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Limey has come into the office early to open up as he thought people needed to work from eight. Nobody else is here! Truly, the devil makes work for idle hands, uahahaha!
Bird fanciers songbook:
The Most Beautiful Gull in the World
"I could here justly tax many other neglects, abuses, errors, defects amongst us, and in other countries, depopulations, riots, drunkenness, &c., and many such, quae nunc in aurem susurrare non libet."
Robert Burton, Elizabethan England's Mr Concise, talking about navigable rivers in The Anatomy of Melancholy
Google says the Latin means "were whispering in the ear, which now do not like to". Make of that what you will.
I read 'First King of Shannara' by Terry Brooks over the weekend, which I didn't like much.
I am also, after a break of several years, trying to finish off the 'Anatomy of Melancholy' by Robert Burton, in between (since one Burton is never enough) having a go at vol. 1 of 'The Land of Midian' by Richard F. Burton.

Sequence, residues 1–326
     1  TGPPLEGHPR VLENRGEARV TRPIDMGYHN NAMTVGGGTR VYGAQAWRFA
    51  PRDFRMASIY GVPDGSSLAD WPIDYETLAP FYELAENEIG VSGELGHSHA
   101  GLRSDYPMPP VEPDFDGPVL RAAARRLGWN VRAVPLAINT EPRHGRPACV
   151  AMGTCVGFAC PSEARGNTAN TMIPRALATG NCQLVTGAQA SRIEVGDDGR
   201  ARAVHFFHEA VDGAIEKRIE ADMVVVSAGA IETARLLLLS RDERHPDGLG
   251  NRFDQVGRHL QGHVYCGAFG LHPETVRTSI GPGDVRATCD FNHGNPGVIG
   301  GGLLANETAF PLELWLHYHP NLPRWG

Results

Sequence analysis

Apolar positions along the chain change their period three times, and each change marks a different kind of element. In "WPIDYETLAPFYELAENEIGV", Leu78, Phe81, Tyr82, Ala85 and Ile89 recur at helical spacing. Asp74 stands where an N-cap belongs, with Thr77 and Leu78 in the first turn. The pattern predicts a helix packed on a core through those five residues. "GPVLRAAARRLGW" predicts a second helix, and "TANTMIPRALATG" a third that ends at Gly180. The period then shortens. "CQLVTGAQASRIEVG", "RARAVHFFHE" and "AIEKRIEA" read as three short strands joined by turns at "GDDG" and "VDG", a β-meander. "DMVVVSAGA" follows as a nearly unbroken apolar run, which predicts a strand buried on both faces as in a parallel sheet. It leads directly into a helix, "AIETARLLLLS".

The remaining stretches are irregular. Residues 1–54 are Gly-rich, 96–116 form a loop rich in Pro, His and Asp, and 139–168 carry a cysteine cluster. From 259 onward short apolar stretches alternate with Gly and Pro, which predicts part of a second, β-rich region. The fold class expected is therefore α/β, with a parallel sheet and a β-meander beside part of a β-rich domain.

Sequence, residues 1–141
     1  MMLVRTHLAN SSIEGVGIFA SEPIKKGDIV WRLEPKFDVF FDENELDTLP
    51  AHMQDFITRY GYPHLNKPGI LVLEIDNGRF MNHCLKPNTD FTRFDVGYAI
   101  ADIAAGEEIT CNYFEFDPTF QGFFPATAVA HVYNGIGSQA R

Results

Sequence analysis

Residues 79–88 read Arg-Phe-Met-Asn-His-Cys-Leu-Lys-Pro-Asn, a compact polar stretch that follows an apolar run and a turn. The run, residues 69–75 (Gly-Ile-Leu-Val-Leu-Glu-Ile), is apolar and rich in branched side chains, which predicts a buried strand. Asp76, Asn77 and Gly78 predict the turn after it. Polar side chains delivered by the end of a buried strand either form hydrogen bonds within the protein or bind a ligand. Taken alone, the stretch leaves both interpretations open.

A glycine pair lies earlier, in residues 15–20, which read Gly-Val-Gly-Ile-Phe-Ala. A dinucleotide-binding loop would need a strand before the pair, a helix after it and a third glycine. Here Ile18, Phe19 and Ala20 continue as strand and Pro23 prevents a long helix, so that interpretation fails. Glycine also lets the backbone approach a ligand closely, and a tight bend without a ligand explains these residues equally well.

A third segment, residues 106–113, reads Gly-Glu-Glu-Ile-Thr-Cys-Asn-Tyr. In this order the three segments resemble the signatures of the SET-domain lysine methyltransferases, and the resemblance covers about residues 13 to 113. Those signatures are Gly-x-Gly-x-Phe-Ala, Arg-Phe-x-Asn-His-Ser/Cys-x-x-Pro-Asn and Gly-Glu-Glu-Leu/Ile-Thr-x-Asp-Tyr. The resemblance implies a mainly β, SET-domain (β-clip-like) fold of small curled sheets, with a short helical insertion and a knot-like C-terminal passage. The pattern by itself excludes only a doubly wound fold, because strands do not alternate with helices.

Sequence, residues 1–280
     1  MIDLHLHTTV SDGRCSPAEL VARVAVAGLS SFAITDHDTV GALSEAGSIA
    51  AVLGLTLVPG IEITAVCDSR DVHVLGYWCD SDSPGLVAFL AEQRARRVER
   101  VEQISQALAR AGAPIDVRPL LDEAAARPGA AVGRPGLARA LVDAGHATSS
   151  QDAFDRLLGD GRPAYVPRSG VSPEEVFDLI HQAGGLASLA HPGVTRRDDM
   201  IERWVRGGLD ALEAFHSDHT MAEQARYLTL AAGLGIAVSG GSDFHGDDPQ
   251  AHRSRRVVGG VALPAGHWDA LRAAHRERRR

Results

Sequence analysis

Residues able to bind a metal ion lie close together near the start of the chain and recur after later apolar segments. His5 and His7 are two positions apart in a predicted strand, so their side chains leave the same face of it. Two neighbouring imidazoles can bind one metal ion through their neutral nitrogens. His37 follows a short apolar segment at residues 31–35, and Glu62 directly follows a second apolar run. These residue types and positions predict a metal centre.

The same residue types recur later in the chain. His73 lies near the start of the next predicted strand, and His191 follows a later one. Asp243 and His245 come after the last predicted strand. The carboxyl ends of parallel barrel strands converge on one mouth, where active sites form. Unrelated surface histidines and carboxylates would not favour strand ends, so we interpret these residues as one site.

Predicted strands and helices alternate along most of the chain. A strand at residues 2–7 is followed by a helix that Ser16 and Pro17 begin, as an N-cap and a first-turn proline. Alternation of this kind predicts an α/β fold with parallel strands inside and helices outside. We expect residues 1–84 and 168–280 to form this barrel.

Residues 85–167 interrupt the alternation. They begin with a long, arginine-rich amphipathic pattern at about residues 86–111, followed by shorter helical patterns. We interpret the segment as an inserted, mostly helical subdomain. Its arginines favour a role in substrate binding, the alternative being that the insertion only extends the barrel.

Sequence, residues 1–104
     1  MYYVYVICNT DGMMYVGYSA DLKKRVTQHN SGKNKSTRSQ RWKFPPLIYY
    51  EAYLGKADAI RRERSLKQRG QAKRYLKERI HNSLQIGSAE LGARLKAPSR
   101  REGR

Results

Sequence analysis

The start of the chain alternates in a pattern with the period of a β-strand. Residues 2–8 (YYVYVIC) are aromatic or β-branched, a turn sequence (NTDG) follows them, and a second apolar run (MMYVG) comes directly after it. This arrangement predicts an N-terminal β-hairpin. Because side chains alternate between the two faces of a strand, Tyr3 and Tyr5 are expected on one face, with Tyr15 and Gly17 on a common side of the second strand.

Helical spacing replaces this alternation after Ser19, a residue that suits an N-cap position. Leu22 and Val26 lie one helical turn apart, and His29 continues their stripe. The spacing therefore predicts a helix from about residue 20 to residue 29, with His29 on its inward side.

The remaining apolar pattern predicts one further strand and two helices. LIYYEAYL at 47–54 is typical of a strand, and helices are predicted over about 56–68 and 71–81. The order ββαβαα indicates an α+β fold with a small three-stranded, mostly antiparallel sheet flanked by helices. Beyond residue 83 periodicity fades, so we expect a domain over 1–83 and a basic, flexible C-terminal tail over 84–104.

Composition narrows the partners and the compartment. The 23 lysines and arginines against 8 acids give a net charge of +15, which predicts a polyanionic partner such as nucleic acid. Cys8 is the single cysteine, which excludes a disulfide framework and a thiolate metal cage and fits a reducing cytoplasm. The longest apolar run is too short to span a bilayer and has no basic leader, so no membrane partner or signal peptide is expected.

Well, you can still thrust with a curved blade, though they are (of course) optimised for slashing - however, point taken, ha ha. Hands up who's ever seen a curved rapier.
I saw a cheap bag of 'small peppers' at the greengrocers, which I bought, assuming 'small peppers' meant 'small bell peppers'. Took them home, unpacked them, then thought 'Aha! One of these would make a perfect healthy snack for me!', so I picked one up and bit it in half.
I expect you can guess what sort of peppers they actually were.
havoc xiii wrote:
Baulders Gate....reminds me that I may have to restart Shadows of Amn...stupid Jaheira and stupid romance script.